Published: 00:01, 25 May 2018
There has been a dramatic increase in hospital admissions in Kent for people with Vitamin D deficiency, fuelling concerns we are not getting enough sunshine.
Provisional data for 2017/18 shows hospital admissions across the county reached 1,075, compared to just 75 patients affected in 2010/11 - a rise of 1,300%.
More than half of cases (558) involve people living in West Kent, according to NHS Digital statistics for 2016-17, followed by Medway with 183 patients and Dartford, Gravesham and Swanley with 150.
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Vitamin D is important as it helps regulate the amount of calcium and phosphate in the body and these nutrients are needed to keep bones, teeth and muscles healthy.
A lack of vitamin D can lead to bone deformities such as rickets in children, and bone pain caused by a condition called osteomalacia in adults.
It also compromises the immune system leaving people at risk of illness and causes constant fatigue.
Rich lives in Medway and went to his GP when he started to feel low last Christmas.
He was diagnosed after having a blood test: "I did think to myself already that sitting all day indoors in an office probably isn't the best place to be and so I'd often thought to myself this can't be good for me, it's going to have some kind of effect at some point."
Dr Julian Spinks, a GP based in Strood, is surprised hospital admissions are so high: "I do know as a doctor that we're actually looking for Vitamin D deficiency more often than we used to do, but it's really the extreme end of deficiency that ends up being admitted to hospital.
"We're living more indoors than we used to do. If you look before the industrial revolution we didn't see Vitamin D deficiency, once we started to move indoors we did and now we have a situation where we spend most of our time indoors.
"The concern is that not only does it give symptoms like pain and tiredness but it increases the risk of osteoporosis, that's the thinning of the bones, that can cause fractures later in life. And there's some suggestion that having low levels of Vitamin D will increase your risk of serious diseases including cancer."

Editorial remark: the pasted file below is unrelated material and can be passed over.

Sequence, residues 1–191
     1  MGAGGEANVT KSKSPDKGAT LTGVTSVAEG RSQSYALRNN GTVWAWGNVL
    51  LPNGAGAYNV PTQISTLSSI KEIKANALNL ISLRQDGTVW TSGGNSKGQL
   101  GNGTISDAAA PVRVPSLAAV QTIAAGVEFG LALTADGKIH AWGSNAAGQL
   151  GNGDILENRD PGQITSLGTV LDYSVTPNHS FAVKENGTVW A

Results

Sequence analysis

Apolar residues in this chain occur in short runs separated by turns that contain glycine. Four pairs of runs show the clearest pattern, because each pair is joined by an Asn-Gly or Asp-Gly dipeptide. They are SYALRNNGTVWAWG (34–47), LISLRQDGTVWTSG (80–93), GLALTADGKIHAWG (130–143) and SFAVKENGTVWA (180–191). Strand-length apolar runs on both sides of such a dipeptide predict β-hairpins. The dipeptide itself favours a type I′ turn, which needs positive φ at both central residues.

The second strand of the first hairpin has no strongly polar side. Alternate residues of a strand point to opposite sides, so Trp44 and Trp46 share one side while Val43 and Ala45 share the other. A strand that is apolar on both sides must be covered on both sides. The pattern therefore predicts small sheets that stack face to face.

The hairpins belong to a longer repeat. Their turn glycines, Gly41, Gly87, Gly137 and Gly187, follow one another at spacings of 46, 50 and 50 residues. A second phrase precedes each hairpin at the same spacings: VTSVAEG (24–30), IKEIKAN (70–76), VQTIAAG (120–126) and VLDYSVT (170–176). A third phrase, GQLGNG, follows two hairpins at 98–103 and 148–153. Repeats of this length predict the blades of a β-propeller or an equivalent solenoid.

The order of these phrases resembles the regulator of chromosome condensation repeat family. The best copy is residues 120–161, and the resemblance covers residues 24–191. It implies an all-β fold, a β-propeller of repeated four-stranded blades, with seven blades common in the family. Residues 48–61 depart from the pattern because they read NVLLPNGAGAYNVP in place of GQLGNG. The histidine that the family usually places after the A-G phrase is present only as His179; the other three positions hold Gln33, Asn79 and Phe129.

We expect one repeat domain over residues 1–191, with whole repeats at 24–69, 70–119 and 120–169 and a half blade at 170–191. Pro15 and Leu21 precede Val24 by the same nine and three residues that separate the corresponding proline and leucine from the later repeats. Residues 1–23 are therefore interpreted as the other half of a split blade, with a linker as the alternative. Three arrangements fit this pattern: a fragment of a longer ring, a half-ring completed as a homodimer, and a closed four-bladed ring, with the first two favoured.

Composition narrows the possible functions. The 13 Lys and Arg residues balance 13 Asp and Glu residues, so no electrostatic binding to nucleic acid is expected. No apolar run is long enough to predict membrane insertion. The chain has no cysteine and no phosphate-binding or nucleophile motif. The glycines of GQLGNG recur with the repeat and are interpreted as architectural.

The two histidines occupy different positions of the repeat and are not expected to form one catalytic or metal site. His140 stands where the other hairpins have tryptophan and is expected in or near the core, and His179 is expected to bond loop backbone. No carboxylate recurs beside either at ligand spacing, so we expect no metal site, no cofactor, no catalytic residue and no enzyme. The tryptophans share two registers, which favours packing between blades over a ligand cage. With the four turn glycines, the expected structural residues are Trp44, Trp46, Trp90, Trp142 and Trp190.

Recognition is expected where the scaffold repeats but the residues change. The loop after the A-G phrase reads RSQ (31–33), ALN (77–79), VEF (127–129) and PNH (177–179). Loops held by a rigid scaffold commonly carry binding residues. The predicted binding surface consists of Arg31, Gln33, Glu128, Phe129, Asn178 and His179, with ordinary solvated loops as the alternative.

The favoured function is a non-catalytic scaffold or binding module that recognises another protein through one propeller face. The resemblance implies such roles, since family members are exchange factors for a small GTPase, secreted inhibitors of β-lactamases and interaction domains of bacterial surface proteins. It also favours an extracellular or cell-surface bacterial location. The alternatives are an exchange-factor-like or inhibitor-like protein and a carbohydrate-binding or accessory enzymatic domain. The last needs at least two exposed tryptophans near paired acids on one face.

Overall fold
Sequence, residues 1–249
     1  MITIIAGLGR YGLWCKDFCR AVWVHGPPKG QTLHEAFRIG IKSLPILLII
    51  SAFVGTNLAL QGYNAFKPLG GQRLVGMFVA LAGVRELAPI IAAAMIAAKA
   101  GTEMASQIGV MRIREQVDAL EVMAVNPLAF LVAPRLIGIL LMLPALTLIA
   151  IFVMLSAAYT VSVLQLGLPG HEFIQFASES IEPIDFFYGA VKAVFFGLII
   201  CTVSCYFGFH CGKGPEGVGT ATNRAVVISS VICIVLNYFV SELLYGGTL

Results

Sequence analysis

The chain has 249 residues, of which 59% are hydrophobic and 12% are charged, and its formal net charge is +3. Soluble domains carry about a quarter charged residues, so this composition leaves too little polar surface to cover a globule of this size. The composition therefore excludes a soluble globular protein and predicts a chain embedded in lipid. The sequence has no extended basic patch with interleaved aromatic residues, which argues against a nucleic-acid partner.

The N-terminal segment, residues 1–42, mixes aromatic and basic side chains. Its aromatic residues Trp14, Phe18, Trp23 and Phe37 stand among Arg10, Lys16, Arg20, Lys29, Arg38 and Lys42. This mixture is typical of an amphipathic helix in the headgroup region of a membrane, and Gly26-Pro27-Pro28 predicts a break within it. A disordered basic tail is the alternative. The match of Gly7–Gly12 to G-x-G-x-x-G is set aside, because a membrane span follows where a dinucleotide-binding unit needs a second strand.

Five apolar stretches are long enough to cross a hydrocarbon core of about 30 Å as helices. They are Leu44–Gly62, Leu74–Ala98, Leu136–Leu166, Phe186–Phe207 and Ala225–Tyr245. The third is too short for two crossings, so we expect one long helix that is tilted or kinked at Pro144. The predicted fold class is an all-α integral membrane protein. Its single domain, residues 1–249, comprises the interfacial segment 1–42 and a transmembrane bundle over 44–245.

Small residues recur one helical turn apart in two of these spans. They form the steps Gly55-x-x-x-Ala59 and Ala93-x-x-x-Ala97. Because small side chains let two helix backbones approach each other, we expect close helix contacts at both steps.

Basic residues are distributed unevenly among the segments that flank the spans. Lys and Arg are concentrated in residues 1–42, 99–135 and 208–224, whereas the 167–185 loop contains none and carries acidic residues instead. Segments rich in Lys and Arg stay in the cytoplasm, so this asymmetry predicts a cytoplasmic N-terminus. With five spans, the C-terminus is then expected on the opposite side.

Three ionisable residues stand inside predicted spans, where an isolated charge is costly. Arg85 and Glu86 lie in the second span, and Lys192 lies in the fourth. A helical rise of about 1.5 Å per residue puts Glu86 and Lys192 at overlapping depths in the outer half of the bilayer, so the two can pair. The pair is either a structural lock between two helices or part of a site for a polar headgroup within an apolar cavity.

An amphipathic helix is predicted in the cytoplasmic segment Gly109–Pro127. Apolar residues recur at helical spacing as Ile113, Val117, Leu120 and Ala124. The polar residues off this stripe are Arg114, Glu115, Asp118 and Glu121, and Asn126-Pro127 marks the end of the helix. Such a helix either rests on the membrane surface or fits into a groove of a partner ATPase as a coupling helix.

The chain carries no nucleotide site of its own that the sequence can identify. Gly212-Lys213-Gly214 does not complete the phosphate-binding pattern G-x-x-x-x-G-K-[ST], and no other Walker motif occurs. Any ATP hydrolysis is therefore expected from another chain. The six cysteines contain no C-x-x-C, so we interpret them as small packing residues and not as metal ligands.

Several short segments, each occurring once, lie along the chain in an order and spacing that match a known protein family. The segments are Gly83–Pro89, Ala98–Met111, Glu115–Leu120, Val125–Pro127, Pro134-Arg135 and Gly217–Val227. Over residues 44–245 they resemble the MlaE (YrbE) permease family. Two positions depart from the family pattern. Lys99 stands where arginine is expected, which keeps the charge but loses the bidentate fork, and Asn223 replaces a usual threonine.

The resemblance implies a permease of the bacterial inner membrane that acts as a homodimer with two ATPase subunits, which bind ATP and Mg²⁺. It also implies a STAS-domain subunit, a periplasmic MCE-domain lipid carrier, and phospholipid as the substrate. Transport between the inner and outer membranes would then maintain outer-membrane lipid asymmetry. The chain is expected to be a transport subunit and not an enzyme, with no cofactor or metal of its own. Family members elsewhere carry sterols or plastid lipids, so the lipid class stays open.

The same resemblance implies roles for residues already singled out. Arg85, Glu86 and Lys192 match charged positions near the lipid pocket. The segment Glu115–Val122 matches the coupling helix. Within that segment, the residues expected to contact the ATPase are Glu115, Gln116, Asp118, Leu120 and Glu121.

People most at risk of getting the condition include those who are frail or housebound or living in an institution like a care home and those who usually wear clothes that cover up most of their skin when outdoors.
The NHS says from late March/early April to the end of September, most people should be able to get all the Vitamin D they need from sunlight but that is not the case during the winter months.
Shadow Public Health Minister Sharon Hodgson, MP, has previously raised concerns in the Commons about Vitamin D deficiency.
She said: "They estimate around 1 in 5 people have got low levels of Vitamin D, so we do need to get out in the sun especially during the spring and summer.
"In the UK, ultra-violet light is only strong enough to make Vitamin D on our skin during April to September. In the autumn and winter the advice is we should probably take a supplement of 10 micrograms to make sure we're getting the right level."
It is estimated the use of supplements saves the NHS around £101million a year but a consultation is under way into whether they should still be made available for free on prescription to people on low incomes.
Mrs Hodgson says that is a concern: "It's terrible what it (Vitamin D deficiency) can lead to, rickets in children where they don't grow properly and their bones are all twisted, I mean these are things we haven't seen since Victorian times."
While most Vitamin D comes from the sun, other sources include oily fish – such as salmon, sardines, herring, mackerel and fresh tuna, red meat, liver, egg yolks and most fat spreads along with some breakfast cereals.